By Thomas I. Kramer
On June 26, 2013, in U.S. v. Windsor
, a divided U.S. Supreme Court held that a portion of the federal Defense of Marriage Act (DOMA) violates the Fifth Amendment of the U.S. Constitution. That decision presents difficult issues for tax, benefits and human-resource professionals. This Alert will outline questions for which we’re still awaiting answers.
DOMA was enacted in 1996. It contains the following two substantive sections:
- Section 2 provides that no state is required to give effect to a same-sex marriage even if validly entered into in another state.
- Section 3 defines marriage for purposes of federal law as “only a legal union between one man and one woman” and defines “spouse” only as “a person of the opposite sex who is a husband or a wife.”
Oregon and Washington employers know that certain same-sex partners could be validly married in Washington or registered in either state, and that such partners might have to treated as if
they were spouses for certain state-law
purposes, even though they could not
be treated as spouses for federal-law
purposes, due to DOMA.
The Windsor Decision
, Justice Kennedy, writing for himself and four other Justices, held that Section 3
of DOMA is unconstitutional. The Court did not rule on Section 2. In other words, the federal government may no longer automatically conclude that same-sex partners are never considered to be married to each other for purposes of federal law. From there, it gets murky. Take a deep breath.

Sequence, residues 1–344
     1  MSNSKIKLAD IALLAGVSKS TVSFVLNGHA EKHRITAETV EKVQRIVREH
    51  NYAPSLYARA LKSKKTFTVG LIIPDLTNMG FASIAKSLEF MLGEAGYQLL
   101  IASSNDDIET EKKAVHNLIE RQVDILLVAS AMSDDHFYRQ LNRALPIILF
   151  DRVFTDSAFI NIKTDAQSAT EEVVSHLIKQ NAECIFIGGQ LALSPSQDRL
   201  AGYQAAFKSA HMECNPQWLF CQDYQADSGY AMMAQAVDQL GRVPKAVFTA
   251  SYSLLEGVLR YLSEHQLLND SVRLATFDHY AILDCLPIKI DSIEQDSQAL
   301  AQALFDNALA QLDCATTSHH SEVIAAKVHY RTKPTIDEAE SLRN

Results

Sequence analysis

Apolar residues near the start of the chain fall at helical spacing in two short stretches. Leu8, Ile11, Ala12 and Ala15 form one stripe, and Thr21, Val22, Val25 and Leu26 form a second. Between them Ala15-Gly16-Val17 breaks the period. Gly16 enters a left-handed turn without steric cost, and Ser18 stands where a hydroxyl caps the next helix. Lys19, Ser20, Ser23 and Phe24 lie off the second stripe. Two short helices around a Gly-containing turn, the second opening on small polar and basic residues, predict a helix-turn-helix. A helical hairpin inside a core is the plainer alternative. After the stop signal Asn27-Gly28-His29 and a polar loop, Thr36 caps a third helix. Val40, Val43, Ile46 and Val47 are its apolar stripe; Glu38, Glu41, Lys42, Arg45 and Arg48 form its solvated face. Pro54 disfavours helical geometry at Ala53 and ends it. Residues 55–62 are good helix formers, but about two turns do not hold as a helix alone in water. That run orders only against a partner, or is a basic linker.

What We Think We Know
For purposes of federal tax and benefits laws, whether a person is married is generally determined by reference to the law of the state in which the person resides, putting DOMA to one side. So if, for example, an employee (Abe) was validly married in Washington to a same-sex spouse (Ben) and Abe resides in Washington, Abe will generally be considered married to Ben for purposes of federal tax and benefits laws (with consequences noted below), even if Abe or Ben or both of them work in Oregon or elsewhere.
What We Don’t Know
The principles above would seem to suggest that as long as a couple resides in a state that does not
recognize same-sex marriage, they will not be treated as married for purposes of tax and benefits laws, regardless of whether they were validly married in a state that does recognize same-sex marriage and whether they work in such a state as well. So, for example, if an employee (Ann) was validly married to a same-sex spouse (Bev) and they reside in Oregon, they would not be considered married to each other for purposes of federal tax and benefits laws, even if either or both of them work in Washington.
On June 27, the Oregon Attorney General issued a statement regarding the Windsor
decision, which seemed to say that Ann and Bev, in the example above, would
be considered married to each other for purposes of federal tax and benefits laws. We have requested clarification from the Attorney General’s Office, but haven’t yet received it.
So, we don’t know whether Oregon-resident same-sex spouses should be considered married for purposes of federal tax and benefits laws. And we don’t know when
Washington-resident same-sex spouses should be considered married for purposes of federal tax and benefits laws. The logic of the Windsor
decision would permit retroactive application of the decision, but we don’t know whether that is intended.
Why it Matters